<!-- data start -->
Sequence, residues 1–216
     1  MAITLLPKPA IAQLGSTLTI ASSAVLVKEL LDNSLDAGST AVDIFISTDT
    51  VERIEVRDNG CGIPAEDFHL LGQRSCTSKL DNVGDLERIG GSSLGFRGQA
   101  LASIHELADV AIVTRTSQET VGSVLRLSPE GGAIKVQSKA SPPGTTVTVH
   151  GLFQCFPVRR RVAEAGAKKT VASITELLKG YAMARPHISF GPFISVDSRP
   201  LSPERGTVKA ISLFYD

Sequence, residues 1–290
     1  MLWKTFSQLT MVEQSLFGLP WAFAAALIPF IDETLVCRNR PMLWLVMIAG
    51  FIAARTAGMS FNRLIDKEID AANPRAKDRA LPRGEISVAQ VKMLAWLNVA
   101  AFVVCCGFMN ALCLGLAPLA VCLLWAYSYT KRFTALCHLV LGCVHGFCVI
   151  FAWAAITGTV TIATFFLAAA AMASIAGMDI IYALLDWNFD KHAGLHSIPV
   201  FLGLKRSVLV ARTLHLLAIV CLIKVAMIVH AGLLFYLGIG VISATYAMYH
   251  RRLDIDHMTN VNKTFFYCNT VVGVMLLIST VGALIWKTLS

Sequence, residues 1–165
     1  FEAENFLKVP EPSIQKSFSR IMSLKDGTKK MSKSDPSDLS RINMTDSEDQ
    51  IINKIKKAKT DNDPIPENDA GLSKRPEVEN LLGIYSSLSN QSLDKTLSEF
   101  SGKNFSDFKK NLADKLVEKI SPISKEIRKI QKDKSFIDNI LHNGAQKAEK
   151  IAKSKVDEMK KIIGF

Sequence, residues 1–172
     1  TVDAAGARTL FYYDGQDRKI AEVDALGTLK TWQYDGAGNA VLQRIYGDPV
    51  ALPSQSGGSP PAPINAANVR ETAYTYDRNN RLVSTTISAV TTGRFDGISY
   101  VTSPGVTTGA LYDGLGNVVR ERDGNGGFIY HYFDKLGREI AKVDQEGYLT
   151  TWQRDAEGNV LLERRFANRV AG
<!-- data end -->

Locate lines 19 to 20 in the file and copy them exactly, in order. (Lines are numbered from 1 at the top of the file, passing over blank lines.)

Sequence, residues 1–172
     1  TVDAAGARTL FYYDGQDRKI AEVDALGTLK TWQYDGAGNA VLQRIYGDPV